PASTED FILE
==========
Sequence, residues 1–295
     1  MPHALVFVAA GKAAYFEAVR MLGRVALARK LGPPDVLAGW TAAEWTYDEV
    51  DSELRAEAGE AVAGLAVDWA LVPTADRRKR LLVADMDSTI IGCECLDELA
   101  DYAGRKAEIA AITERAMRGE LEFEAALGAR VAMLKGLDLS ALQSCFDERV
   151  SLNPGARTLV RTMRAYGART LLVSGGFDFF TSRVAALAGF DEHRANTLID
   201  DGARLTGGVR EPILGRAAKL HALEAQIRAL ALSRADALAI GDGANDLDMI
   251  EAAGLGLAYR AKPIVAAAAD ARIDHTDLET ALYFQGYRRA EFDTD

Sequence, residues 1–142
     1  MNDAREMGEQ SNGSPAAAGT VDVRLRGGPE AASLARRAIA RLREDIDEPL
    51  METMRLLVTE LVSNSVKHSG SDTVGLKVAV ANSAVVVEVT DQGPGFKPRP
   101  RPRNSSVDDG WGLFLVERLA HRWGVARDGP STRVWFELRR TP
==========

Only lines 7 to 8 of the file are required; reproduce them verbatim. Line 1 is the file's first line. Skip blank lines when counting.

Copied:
   251  EAAGLGLAYR AKPIVAAAAD ARIDHTDLET ALYFQGYRRA EFDTD

Sequence, residues 1–142